Choosing an innovation team
Given that, it's somewhat surprising to me how little thought is given to who is on the innovation team. In many instances when I quiz our clients about how a team was put together, we find out that many of the people on the team were assigned. You know how this works - management dictates a head tax of one person per product group or business function, and the executives scramble to find out who is 1)available and 2) won't embarrass them, not who is the best candidate for the role. The best people are reserved for key projects already underway. So, many innovation teams are made up of people who aren't necessarily the best innovators and who often were unwilling participants.
Innovation teams should be made up of VOLUNTEERS who are completely committed to the concept. If the work is going to be difficult and risky, I would at least like to know that the people on the team want to be there and want to make a difference. I want people who are ENGAGED, not assigned and who want to create change. I don't care as much about experience as I do PASSION, since when all else fails it will be the desire and passion that pushes through the barriers. I am interested in RULE BREAKERS, not rule takers. People who accept the rules as stated (or unstated in a culture) will not effect great change. I want people on the team who are willing to go the extra mile, since innovation will always require more work than their current job. Nine to fivers will find it difficult. I want people who are comfortable with ambiguity, since innovation often works outside the lines of black and white, in the gray areas where there are no templates. People who are too comfortable with either/or propositions aren't successful innovators.
Additionally I want people who understand that innovation is as much about learning as it is about creating, so they understand that the ideas will occasionally fail. I need people on the innovation team to be willing to discover what's great about an idea rather than what's wrong with it. I need the first words out of their mouths to be "What if" rather than "But". I want people who don't care how we did it before, or whether the idea has been considered before. I want people who look for opportunities for success rather than reasons not to try.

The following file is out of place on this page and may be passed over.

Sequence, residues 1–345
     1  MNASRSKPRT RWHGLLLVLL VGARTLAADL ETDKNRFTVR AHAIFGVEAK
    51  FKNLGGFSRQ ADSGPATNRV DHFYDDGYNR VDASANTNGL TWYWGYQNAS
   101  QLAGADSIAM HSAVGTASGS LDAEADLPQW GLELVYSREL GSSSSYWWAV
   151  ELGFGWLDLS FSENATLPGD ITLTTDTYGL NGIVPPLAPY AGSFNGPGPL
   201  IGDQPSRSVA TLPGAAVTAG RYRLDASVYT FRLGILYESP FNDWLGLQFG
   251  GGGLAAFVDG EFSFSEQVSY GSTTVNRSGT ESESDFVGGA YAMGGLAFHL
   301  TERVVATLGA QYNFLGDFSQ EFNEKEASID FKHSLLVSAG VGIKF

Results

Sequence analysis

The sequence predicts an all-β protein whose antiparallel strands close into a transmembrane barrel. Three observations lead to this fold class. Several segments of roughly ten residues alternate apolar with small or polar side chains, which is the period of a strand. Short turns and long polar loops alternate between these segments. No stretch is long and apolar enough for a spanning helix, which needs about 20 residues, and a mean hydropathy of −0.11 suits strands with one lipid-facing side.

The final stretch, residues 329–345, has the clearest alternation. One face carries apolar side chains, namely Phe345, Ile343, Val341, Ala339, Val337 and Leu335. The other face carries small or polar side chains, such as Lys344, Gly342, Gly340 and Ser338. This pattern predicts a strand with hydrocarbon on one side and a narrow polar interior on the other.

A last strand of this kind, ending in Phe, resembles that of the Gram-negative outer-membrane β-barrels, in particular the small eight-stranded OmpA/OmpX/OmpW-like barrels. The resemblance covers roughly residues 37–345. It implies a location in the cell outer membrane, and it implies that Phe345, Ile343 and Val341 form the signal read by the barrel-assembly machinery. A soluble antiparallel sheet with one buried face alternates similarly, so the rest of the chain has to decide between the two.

Finally, I want a balanced team. I've written before about concepts like KAI and the FourSight model, but a recent training exercise brought this home. In the training I felt the team was not engaged, until we started working on the skills necesary for idea generation, evaluation and prototyping, when the team seemed much more engaged. Once again this brought home the fact that some people are synthesizers, some ideators and some developers. Understanding the preferences and skills and balancing those skills on the team is vital. The Foursight model does a good job of helping you understand each person's predilection, which can help you balance the team. Everyone can participate in an innovation effort, given the appropriate mindsets (see above) and everyone has a different range of interests and skills. Building a team with five ideators and no developers is dangerous because the team will be biased toward generating ideas but may never actually develop anything.
Let's look at this another way. If you were planning to scale a mountain, you'd recruit people you knew had the skills to climb the mountain and consider what each person brought to the team. You'd remind them of the challenges and the dangers and ask anyone who had doubts or concerns to leave. You'd look for a good balance of skills and capabilities and experiences. You'd leave anyone behind who was doubtful of the outcome. In other words, you'd recruit and build a team that was more likely to be successful from the start. Why would you do anything less when building an innovation team? If innovation is critical for your business, and if it is a high-stakes activity, then why wouldn't you build the team in exactly the same way?
There's an old saying that some people are born to greatness and others have it thrust upon them. Don't allow just anyone to be thrust upon you in your innovation team. Set high expectations and recruit the best people - in fact, have them apply to be part of the team.